The 1970’s, A To Z: Tony Armas to Ken Aspromonte

Recap: I’m going through all of the notable and somewhat notable players and managers of the 1970’s and I’m basically making like it’s an all-encompassing 1970’s throwback baseball card set. For the “card front”, I’m sharing my favorite 1970’s card of that guy. I’m also including a card back’s worth of information and thoughts about him and his cardboard.


Played from 1976 to 1989
1970’s teams: Pirates, A’s

1970’s Highlights:
Tony Armas would blossom into an All-Star slugger in the 1980’s, but he got his start with the A’s in the late 1970’s after a 4-game stint with the Pirates in 1976; Made two putouts in a triple play vs. Rangers, 6/23/79

Fun Stuff:
Held the record for home runs by a Venezeulan player (251) which was broken by Andres Gallaraga and is currently held by Miguel Cabrera; Father of Tony Armas, Jr. who pitched for the Expos, Nationals, Pirates and Mets from 1999 to 2008

Card Stuff:
His one baseball card appearance as a Pirate came on his 1977 rookie card, which he share with Steve Kemp and two other outfielders.


Played 1973 – 1977
1970’s Teams: Reds

1970’s Highlights:
As a minor leaguer he was traded from the Astros to the Reds in the same deal which brought Joe Morgan, Cesar Geronimo and Jack Billingham to Cincy and sent Lee May to Houston;  Played in the postseason several years and is possibly best remembered for his 1975 World Series sacrifice bunt in the 10th inning of Game 3 – Ed got tangled up with Red Sox catcher Carlton Fisk, who then threw the ball into center field, which allowed Cesar Geronimo to advance to third and later score.

Fun Stuff:
Among the first players born in the Bahamas

Card Stuff:
He appeared on 3 combo rookie cards (’72, ’74, ’75) before his first solo card in 1976

Video Stuff:
Here’s that controversial bunt by Armbrister in 1975:


Played 1973 – 1989
1970’s Teams: Indians, Blue Jays, Astros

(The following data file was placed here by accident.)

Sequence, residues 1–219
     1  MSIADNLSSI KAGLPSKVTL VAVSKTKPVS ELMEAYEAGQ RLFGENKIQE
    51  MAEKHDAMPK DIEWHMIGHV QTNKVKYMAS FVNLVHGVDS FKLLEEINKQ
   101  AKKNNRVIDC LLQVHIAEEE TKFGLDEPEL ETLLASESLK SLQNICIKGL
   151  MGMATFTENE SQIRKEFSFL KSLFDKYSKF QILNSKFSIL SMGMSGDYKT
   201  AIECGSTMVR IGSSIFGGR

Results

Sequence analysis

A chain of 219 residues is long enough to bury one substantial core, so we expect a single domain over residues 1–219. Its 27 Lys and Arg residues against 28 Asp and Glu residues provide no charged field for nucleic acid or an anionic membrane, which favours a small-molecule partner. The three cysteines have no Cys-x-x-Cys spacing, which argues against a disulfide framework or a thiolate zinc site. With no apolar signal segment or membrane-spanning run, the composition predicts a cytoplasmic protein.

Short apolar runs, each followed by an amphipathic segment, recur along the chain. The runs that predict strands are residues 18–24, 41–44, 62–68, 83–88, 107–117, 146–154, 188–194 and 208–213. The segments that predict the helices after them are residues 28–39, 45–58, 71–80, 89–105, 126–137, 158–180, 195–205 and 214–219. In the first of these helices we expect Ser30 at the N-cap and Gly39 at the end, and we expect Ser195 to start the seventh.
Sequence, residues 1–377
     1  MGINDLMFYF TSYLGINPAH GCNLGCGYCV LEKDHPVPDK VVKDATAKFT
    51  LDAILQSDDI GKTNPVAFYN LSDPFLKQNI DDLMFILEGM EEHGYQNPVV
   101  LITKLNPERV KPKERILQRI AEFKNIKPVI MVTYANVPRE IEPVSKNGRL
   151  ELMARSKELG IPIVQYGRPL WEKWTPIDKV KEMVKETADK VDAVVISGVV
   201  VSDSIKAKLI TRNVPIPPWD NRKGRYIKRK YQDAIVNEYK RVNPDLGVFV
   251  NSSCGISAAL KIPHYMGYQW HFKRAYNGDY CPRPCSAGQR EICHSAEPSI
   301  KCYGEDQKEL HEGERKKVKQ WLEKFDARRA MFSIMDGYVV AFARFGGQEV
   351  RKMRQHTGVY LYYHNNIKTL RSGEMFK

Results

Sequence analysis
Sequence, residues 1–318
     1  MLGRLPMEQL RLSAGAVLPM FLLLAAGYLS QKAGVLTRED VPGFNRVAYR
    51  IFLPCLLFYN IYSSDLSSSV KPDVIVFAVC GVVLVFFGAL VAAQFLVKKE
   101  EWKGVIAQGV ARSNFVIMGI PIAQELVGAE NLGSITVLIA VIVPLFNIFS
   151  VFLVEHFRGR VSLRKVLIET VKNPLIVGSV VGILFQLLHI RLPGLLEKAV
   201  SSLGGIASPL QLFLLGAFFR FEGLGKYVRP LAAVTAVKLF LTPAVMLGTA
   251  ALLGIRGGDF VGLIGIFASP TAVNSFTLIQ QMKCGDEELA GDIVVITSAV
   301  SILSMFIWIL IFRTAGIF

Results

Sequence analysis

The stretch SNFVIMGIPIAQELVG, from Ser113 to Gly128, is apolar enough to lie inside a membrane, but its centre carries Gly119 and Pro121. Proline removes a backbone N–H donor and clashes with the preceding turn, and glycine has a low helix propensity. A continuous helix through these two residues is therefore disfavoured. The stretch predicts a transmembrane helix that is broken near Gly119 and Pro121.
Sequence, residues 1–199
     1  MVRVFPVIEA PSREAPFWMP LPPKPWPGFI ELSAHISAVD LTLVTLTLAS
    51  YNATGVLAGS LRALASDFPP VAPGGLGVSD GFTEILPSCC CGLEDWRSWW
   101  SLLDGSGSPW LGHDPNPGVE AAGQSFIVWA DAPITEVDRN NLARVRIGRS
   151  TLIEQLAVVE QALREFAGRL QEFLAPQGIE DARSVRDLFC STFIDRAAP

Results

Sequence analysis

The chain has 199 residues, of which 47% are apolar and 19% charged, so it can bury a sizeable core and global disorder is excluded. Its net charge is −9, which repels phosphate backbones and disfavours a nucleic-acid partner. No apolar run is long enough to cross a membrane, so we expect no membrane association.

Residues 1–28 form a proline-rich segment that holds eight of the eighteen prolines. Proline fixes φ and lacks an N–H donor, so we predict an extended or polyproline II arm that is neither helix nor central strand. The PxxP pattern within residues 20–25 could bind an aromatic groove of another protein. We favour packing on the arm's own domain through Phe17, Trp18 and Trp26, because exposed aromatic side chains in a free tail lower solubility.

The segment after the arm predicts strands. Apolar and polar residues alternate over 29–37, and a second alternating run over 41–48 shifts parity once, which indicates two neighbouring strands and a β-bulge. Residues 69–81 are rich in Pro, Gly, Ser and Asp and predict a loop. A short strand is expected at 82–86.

1970’s Highlights:
Became starting catcher for 1977 Blue Jays after an injury to Rick Cerone; acquired by Jays in an expansion draft-day trade which sent the just-drafted Al Fitzmorris to Cleveland; traded to Houston after the 1978 season

Fun Stuff:
Ashby caught three no-hitters with the Astros in the 1980’s, thrown by Ken Forsch, Nolan Ryan and Mike Scott.

Card Stuff:
The featured 1977 O-Pee-Chee card has a Spring Training photo, while Ashby’s Topps and Hostess cards were airbrushed.  Since I never did a “Contrast and Compare” post featuring Ashby, here’s the corresponding Topps card:


Played 1956 – 1971
1970’s Teams: Braves, Mets

1970’s Highlights:
Was the Mets starting 3rd Baseman in 1971, but hit just .225 with 21 runs and 33 RBI and got released after the season. (A little “What If” for you… if Aspromonte had worked out for the Mets, they might not have traded Nolan Ryan for 3rd Baseman Jim Fregosi in 1972).

Fun Stuff:
Last Major Leaguer to have played for Brooklyn;  An original Colt .45, Aspromonte was the team’s first batter and got the first hit, run and stolen base in franchise history and became the first Astro to homer in the Astrodome;  Bob & His brothers owned a Coors distributorship in Houston from 1975 to 2000;

Card Stuff:
His 1972 Topps card (which I don’t have) shows him with the Reds, but he was a non-roster invite to Spring Training, didn’t make the team and that would end his career.


Managed the Indians from 1972 to 1974

1970’s Highlights:
Best finish was a 77-85 finish in 1974, after which he was replaced by Frank Robinson

Fun Stuff:
Played in Japan for 3 years; Just about 7 years older than his brother Bob;  both brothers went to Lafayette High School in Brooklyn, where Sandy Koufax, John Franco, Al Ferrara, Pete Falcone and (boo) Fred Wilpon also went.

Card Stuff:
Both he and brother Bob appeared in the 6th series of 1972 Topps (but, as I mentioned, Bob didn’t play in 1972)

4 thoughts on “The 1970’s, A To Z: Tony Armas to Ken Aspromonte

  1. I’ve never seen the Armbrister clip. Speaking as an armchair ump, it did appear to be interference. Thanks for sharing this. It gave me the opp to see a little bit of Fisk!

  2. Pingback: The 1970’s, A To Z: Bob Bailor To Sal Bando | The Shlabotnik Report



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